Last Chance for Twins
TWIN sisters starving themselves to death may be jailed in an attempt to force them to turn their lives around.
The emaciated sisters, perfectionists who studied biomedical science and physical education at university, are also compulsive long-distance runners.
They have wasted away for two decades, at times slipping to 28kg.
Though only 34, their bodies have started to break down.
They are shrinking and they have the bone structure of women aged 70 to 100.
But the siblings also have a history of criminal offences and drug use, believed to be linked to their psychological disorder.
Clare was this week sentenced to two months' jail for a series of thefts.
Geelong magistrate Ian von Einem said he saw no option but jail to stop Clare from self-destructing.
"It's just right out of any sort of control. She continues to want to injure herself," he said.
Mr von Einem said Clare's anorexia, drug addiction and continual lies were a tragic combination.
"Sadly and unfortunately, she is going to have to be treated within the prison system for a short term," he said.
But Clare, who threatened to completely stop eating if locked up, was given a temporary reprieve and released on bail while she appeals against the jail term.
Sister Rachel also faces criminal charges in the coming months for drug-driving, heroin use and an assault in which she allegedly pushed a victim on to train tracks.
The twins both developed severe eating disorders in their early teens.
They became addicted to running and trained constantly for marathons.
They kept running until both recently suffered stress fractures in their feet.
The twins are inseparable. In 1996, when Rachel was so ill she was admitted to a psychiatric unit at Royal Melbourne Hospital, Clare voluntarily admitted herself too.
Rachel last night told the Herald Sun of her sense of hopelessness and loss of self-esteem.
"No one understands the disease until they have lived it. It's like the Grim Reaper, a black hole in your soul," Rachel said.
"Our bodies have deteriorated to a level where they are damaged . . . it's a terrible disease, but it's not a choice.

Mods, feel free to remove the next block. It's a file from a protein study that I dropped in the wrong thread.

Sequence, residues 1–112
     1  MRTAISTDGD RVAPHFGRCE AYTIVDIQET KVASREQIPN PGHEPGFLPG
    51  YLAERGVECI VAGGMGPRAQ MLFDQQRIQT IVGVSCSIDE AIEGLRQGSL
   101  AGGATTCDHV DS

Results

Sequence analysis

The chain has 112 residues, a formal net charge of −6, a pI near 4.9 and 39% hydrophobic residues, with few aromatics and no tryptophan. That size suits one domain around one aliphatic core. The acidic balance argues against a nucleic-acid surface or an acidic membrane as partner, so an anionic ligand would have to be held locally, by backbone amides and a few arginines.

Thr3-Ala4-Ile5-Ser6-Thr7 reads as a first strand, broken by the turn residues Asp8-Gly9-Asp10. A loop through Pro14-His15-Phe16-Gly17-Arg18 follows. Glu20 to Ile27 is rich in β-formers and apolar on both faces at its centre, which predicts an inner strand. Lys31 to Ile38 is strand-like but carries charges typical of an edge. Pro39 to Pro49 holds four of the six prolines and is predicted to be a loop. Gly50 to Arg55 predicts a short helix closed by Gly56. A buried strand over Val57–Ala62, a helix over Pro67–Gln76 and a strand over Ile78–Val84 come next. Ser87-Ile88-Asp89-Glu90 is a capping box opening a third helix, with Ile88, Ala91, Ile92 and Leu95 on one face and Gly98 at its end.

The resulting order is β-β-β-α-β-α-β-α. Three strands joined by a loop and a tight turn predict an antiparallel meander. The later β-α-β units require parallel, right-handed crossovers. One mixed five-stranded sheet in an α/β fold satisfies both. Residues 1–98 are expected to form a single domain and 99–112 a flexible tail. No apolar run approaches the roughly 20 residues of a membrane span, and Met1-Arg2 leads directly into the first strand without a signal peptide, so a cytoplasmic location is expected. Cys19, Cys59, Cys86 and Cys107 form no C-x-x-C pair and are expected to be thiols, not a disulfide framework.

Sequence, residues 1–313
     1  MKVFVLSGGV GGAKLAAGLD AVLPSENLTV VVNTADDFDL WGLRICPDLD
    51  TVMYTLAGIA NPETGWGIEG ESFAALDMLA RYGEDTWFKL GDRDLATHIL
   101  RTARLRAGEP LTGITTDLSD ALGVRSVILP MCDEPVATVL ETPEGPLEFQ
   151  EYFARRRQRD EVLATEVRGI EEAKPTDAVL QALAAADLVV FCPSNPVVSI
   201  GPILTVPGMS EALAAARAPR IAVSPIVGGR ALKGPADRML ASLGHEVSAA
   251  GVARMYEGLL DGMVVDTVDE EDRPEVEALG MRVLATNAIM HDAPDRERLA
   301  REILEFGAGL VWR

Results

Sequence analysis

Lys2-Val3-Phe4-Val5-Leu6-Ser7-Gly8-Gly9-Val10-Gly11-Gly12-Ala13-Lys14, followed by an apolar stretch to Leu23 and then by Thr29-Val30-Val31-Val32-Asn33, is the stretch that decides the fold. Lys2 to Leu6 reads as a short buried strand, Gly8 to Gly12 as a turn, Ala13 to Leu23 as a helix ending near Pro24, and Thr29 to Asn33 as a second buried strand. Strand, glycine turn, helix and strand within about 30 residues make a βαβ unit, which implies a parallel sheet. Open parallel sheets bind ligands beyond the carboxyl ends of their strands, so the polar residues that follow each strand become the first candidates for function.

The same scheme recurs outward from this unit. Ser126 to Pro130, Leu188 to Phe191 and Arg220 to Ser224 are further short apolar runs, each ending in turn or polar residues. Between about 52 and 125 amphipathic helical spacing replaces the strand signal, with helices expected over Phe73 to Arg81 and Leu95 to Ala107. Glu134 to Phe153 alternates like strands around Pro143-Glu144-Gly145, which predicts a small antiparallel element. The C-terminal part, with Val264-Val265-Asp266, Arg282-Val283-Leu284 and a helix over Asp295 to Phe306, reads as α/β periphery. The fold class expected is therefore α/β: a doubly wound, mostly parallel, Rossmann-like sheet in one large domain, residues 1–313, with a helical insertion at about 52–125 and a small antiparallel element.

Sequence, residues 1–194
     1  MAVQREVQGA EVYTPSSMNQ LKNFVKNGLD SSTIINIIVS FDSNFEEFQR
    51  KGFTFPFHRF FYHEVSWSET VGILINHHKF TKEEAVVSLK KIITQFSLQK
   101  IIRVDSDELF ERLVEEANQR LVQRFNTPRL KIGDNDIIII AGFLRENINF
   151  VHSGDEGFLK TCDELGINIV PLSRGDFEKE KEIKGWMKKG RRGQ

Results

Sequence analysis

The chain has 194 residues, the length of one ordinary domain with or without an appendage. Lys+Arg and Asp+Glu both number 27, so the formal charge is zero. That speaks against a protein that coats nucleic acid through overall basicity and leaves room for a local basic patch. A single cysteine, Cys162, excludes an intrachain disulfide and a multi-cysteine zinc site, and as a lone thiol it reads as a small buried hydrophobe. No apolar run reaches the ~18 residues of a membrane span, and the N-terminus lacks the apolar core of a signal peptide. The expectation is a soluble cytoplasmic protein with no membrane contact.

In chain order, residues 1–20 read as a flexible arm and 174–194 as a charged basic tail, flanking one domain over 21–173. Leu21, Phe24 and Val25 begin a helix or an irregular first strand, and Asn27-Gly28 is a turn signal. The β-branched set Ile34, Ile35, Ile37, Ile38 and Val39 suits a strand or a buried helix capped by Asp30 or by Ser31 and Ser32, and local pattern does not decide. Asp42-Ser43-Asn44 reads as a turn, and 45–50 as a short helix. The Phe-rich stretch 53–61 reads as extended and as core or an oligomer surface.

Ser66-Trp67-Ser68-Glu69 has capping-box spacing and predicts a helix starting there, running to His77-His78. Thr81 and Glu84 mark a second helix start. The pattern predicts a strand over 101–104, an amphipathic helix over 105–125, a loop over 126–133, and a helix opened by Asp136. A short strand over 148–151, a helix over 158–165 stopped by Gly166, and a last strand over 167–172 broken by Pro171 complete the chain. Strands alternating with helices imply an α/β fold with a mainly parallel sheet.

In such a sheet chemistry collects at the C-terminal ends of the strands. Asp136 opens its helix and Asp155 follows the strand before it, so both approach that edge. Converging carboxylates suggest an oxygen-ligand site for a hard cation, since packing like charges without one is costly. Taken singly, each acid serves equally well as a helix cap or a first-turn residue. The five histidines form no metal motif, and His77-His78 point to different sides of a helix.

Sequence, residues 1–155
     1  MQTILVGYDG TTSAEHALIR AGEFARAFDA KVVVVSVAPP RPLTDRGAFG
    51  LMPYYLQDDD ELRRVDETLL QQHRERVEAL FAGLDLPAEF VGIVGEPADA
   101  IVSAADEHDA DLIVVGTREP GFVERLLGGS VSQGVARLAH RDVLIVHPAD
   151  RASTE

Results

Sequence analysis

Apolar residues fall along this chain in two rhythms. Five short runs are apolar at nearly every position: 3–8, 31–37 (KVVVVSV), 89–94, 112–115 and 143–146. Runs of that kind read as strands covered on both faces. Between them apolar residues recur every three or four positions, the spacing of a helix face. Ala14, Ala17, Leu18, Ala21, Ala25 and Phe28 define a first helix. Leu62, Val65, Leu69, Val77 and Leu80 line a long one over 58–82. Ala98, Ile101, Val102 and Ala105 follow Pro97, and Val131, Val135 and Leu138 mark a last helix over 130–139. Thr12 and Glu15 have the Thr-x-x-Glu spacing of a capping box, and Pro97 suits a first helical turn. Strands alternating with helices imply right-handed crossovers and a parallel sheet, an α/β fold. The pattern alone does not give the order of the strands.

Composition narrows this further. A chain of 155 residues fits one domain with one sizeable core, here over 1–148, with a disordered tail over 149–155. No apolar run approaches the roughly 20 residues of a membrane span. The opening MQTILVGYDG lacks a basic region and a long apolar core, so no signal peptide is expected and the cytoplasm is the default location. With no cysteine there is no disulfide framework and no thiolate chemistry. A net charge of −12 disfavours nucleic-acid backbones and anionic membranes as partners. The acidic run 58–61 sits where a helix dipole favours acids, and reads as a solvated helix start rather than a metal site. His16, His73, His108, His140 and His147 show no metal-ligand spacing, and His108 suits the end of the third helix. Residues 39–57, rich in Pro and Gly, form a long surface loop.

"We don't feel like we've got anything much to give the world. We feel we are a burden.
"We don't feel we are special to anyone, except to our family."
Parents Bob and Moya told of the heartbreak of watching their daughters slowly die.
The couple check the twins' beds every night, fearing they will succumb to their disorder or die of an overdose.
Moya said her daughters, born eight weeks premature, were diagnosed anorexic at 14.
"They were girls who were good at everything. They did very well at school, were good at music and athletics," Moya said.
"They are intelligent and sensitive, but they don't like the world the way it is.
"I think the anorexia is their way of not wanting to cope with it."
A police source said the courts had tried to give the twins every opportunity to reform, but repeated offending and an inability to change left prison the final option.
"At the end of the day it's the only thing left. Everything has been tried," the source said.
"They didn't want to have to come to this, but it was actually the very last resort (for Clare)."
Previously, the twins have been directed to counsellors and specialists for their disorder and drug problems, without success.
"Many people have tried to help our girls, but they eventually get put in the too-hard basket," Moya said.
"My doctor said they don't know what to do.
"But you don't give up on your kids. You just keep going."